Friday 5 March, 2020: The red hypergiant VY CMa is bigger than Betelgeuse and belching out vast clouds of dust

Astro Tidbit

A brief synopsis of some interesting astronomy/science news

I recently got an email from Ross Cuniff, an amateur astronomer who also happens to sit on the Ft. Collins (Colorado) City Council and is also currently Mayor Pro-Tem. He and I have chatted before on astronomy topics, and this time he had some interesting and welcome news: Ft. Collins is looking into changing their standard for outdoor lighting to make them more night-sky friendly.

An ordinance has been submitted for review that would change the lighting requirements for new commercial and multi-family buildings. They would ensure adequate lighting for safety and commerce, of course, and also make sure everything is up to current industry standards, but it also specifically points out light pollution as an issue that needs to be considered, too.

Wasted light from streetlights, buildings, parking lots, and more tends to get sent upward (either due to bad shielding around the light or reflection off the ground). This lights up haze and other particles in our air, causing the sky to glow. That in turn washes out the sky, making it harder to see the stars. This is an obvious and serious issue for astronomers.

[An image I shot with my phone camera of Orion (left) and Taurus (right). Even though I’m technically in a rural area I have mildly light-polluted skies, coming from several towns and cities around me… including Ft. Collins to my north.]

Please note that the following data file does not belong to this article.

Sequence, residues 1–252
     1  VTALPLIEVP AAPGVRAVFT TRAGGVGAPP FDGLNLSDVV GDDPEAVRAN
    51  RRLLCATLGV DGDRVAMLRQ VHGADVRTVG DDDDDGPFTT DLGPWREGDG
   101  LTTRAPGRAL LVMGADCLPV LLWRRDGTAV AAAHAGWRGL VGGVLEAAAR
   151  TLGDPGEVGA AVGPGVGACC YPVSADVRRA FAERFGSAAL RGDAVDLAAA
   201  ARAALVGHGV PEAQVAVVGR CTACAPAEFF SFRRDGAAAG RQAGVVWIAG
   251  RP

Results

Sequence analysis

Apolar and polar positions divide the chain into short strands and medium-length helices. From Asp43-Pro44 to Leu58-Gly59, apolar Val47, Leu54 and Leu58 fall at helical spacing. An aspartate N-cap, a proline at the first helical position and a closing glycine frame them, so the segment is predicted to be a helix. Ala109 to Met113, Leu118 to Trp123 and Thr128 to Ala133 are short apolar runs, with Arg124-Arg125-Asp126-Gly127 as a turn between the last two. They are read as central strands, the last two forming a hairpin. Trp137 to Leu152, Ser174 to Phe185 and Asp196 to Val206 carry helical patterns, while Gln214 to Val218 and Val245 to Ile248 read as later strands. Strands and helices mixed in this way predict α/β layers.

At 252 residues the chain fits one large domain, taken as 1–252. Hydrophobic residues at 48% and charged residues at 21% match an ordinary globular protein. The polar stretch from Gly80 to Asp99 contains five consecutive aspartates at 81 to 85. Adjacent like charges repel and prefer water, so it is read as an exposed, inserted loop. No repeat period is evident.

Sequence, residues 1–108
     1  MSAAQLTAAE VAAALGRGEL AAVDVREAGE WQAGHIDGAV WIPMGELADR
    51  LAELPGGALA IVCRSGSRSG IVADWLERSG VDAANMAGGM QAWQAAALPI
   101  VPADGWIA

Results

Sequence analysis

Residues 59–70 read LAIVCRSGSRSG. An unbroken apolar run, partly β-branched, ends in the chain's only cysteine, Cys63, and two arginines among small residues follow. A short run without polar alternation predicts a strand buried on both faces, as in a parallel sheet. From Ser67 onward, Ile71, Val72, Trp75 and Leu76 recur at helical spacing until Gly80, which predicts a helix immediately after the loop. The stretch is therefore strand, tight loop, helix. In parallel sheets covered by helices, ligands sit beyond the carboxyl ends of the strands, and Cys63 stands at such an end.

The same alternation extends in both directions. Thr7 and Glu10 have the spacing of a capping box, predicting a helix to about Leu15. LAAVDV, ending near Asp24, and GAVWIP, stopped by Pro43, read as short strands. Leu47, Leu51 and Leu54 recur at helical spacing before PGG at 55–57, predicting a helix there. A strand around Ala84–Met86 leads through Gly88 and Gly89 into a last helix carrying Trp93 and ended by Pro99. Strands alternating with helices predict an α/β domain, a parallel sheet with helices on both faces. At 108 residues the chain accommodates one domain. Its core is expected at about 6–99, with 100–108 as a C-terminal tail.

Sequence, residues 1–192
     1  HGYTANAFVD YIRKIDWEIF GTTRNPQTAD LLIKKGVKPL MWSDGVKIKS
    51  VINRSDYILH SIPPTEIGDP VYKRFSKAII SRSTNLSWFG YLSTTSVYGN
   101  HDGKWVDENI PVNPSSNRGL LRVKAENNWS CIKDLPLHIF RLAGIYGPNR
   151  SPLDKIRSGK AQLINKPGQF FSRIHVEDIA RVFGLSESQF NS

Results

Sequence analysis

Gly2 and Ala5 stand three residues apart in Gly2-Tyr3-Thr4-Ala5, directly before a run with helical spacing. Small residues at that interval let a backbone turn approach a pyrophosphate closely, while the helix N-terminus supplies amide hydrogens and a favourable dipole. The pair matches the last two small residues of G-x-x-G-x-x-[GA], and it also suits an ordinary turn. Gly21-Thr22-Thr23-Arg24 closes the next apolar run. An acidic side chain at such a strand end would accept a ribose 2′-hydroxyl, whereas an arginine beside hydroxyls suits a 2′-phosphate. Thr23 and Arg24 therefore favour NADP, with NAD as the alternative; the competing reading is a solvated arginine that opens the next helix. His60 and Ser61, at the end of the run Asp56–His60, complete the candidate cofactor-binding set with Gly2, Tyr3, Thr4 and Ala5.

It has other ramifications as well. It can affect people’s sleeping habits, and has a profound and negative impact on wildlife. The good news is that in general investing in better lighting for new construction is cheaper in the long run. New fixtures tend to be more efficient, and if you’re not wasting half your light by throwing it upward you can use lower power bulbs, too. That saves energy and money.

I’ve written about light pollution in the newsletter a few times (like here and here) and on the blog many, many times. It’s been a topic of interest of mine for a long time; I grew up next to two streetlights that seemed to be strategically placed to always be near objects I wanted to see with my telescope. I spent a lot of time hauling that ridiculously heavy ‘scope up and down my block to try to get a tree or something in between me, the streetlight, and the galaxy I was looking for.

Ft. Collins is a big town to my north with over 300,000 people in it, and I can see the glow from it on my horizon. Knowing that this ordinance is being investigated (and has already been given the thumbs-up by the City Planner and Planning Manager) is very hopeful. If a city that size can do it, then I can hope other, bigger towns will consider it as well.

Oh and hey, as an addendum, take a look at this. Dark Sky Sites are growing all over the US, and this one is just a few hours south of me in Colorado. I may have to visit it sometime when I can.

Et alia